A host of wholly unnecessary but luxurious features include a tiny OLED display plus a dedicated media playback and volume control wheel, both of which help navigate the onboard UI, which allows you to customise every aspect of the keyboard without having to launch the software, though it’s certainly not as efficient. The display can easily be customised to display 1-bit, 128×40 pixel gifs, and supports integration with a limited selection of programs like Discord, Dota 2, CS:GO, Mortal Kombat 11, and Tidal (if you use Tidal for some reason) to display vital information.

It features USB passthrough, cable routing, macro keys, a magnetic soft rubber wrist rest, and exposed LED lighting for individual keys. The aluminum construction is incredibly durable as you’d expect–it features an exposed keycap design, and it sports a very compact trim, much like the HyperX Alloy Origins (though the lighting isn’t quite as vibrant). Nevertheless, the SteelSeries Apex Pro has everything you’d feasibly want from a premium high-end keyboard, and the adjustable switches are a meaningful customisation feature (even if it seems like a ridiculous flex).

(Note: The more affordable Steelseries Apex 7 sports all the features of the Apex Pro, but comes with more traditional SteelSeries-brand Red, Blue, or Brown switches.)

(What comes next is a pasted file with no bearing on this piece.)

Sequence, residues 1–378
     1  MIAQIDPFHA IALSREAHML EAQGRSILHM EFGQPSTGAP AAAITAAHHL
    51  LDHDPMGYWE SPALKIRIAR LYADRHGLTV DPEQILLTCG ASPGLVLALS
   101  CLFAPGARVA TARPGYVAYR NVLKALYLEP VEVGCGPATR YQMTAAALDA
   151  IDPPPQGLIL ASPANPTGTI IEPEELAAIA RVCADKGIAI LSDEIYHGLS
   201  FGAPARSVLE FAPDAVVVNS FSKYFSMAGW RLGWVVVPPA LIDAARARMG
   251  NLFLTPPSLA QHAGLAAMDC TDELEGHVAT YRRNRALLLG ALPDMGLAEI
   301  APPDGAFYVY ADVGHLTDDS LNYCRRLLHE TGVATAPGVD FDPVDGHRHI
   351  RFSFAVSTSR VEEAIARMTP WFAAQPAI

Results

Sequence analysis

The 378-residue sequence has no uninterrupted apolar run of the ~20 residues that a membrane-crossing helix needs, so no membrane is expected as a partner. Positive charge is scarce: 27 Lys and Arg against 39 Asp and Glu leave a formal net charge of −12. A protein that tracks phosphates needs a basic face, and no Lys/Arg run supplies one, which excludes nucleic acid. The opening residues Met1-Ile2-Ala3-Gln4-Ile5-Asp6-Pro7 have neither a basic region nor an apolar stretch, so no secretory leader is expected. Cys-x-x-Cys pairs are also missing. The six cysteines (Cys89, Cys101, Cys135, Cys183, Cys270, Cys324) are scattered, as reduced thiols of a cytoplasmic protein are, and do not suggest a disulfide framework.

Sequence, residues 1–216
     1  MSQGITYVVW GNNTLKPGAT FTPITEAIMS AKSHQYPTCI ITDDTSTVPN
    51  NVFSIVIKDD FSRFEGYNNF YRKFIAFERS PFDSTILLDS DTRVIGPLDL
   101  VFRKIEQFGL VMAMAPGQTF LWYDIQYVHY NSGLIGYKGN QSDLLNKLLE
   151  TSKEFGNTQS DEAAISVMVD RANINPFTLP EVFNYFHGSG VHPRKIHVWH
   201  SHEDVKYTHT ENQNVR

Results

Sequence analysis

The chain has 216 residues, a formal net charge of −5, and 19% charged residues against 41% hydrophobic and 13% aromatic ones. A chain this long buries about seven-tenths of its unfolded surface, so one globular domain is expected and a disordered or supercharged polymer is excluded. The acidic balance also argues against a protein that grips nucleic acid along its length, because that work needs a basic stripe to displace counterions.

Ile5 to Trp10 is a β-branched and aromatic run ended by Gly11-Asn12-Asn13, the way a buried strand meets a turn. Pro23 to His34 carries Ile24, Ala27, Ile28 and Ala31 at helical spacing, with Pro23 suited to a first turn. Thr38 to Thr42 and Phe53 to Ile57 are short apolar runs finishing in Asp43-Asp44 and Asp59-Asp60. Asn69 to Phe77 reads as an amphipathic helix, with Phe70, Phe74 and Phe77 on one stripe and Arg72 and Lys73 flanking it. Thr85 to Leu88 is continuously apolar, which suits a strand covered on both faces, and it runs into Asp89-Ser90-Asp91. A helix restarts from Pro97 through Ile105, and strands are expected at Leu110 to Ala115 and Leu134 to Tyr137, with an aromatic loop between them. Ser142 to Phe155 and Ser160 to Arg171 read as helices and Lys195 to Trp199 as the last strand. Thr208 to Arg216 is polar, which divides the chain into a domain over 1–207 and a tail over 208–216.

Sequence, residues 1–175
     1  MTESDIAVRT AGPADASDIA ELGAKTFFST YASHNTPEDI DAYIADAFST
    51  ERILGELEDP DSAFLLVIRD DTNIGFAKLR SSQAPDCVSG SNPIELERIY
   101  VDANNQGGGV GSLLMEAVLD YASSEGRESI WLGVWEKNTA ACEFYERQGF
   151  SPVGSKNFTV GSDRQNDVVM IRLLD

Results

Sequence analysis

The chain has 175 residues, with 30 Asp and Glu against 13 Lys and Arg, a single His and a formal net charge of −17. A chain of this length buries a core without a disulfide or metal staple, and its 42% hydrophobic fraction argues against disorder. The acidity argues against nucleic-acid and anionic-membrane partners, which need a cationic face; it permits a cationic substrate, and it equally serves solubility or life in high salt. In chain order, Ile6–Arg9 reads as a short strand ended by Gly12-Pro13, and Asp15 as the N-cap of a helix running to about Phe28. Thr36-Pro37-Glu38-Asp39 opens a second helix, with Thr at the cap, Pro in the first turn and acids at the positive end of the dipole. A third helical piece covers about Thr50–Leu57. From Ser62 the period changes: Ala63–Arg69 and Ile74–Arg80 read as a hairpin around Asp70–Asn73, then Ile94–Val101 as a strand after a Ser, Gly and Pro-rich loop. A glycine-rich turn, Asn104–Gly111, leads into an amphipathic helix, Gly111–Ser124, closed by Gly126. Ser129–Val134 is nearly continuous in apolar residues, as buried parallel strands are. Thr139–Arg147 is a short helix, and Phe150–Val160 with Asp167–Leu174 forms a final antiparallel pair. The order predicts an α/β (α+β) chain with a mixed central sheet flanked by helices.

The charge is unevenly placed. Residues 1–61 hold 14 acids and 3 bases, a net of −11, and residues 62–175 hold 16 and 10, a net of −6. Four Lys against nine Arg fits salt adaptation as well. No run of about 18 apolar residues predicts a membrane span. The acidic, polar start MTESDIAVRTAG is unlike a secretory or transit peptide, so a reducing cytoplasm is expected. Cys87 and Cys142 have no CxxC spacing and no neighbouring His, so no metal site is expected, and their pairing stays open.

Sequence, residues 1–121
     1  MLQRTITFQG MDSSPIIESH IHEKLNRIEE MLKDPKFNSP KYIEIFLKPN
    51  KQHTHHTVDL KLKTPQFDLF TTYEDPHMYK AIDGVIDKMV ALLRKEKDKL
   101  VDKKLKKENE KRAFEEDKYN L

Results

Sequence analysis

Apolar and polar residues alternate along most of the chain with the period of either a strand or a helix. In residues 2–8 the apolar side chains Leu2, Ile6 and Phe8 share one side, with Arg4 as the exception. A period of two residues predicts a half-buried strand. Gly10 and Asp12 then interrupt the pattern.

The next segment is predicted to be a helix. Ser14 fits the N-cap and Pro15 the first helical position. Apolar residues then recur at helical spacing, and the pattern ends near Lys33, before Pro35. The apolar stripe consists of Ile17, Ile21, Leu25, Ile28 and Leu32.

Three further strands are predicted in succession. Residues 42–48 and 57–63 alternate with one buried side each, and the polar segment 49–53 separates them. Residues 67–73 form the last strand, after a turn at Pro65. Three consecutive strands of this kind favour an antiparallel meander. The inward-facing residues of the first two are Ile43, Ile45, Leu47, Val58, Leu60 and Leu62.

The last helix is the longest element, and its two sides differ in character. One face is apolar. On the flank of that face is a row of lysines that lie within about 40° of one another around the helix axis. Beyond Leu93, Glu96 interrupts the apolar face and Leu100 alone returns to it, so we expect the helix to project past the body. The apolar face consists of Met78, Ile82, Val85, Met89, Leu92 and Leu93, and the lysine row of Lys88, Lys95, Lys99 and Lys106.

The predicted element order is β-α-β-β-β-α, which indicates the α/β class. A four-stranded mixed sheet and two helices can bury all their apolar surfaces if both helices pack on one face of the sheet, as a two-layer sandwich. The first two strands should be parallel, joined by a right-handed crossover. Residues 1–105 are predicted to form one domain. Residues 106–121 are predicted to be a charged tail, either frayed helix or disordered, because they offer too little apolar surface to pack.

Switch Type: OmniPoint Adjustable Mechanical Switches (Apex 7 available in SteelSeries Red, Blue, or Brown)Available in Tenkeyless: Yes

Razer Huntsman Tournament Edition

The Good

Razer’s own switches are among the bestStrong build quality with aluminum chassisDetachable USB-C cableLow actuation point means slightly faster input registry…

The Bad

…but can lead to typos or mistaken inputsKeystrokes can be loud, even for linear switches

There’s something novel about a compact tenkeyless keyboard; they’re cute. If you have no use for the number pad and/or want to have a minimalist desk setup, they’re definitely up your alley. If that’s what you’re into there’s a ton of options out there, as tenkeyless is quite popular among the PC gaming crowd, which was born out of the need for small keyboard at cramped LAN competitions. But which one should you get? The Razer Huntsman Tournament Edition is an easy choice.

Razer’s Huntsman keyboards have a sleek aluminum chassis and an overall no-nonsense design. The Tournament Edition specifically is the tenkeyless version, and it features a long detachable braided USB-C cable, which makes it easier to take places if you need to. It also retains the Razer Chroma RGB lighting though the backlighting isn’t as vibrant as other Razer keyboards. What makes these keyboards special are the options you have for mechanical switches. Each of Razer’s own switches (Green, Yellow, and Orange) are tuned for competitive gaming with short actuation points and fine-tuned reset points; they’re also consistently smooth to the keystroke. I’ve mainly used Razer Yellow with the Huntsman TE, and it’s my preferred setup for when things get serious.

The fast response and short actuation point may also lead to more errant inputs, mainly from resting your hand on the keys; it’s something to be mindful of. And the Huntsman isn’t designed for the courtesy of others around you as full keystrokes can be really loud. If neither of those are big concerns, then it’d be hard to overlook the Razer Huntsman.

Switch Types: Razer Orange, Green, or YellowAvailable not in Tenkeyless: Yes

Logitech G613

The Good

Long battery life (AA required)Fast input response that matches that of wired keyboardsAffordable, especially considering how few options are availableRomer-G tactile switches work well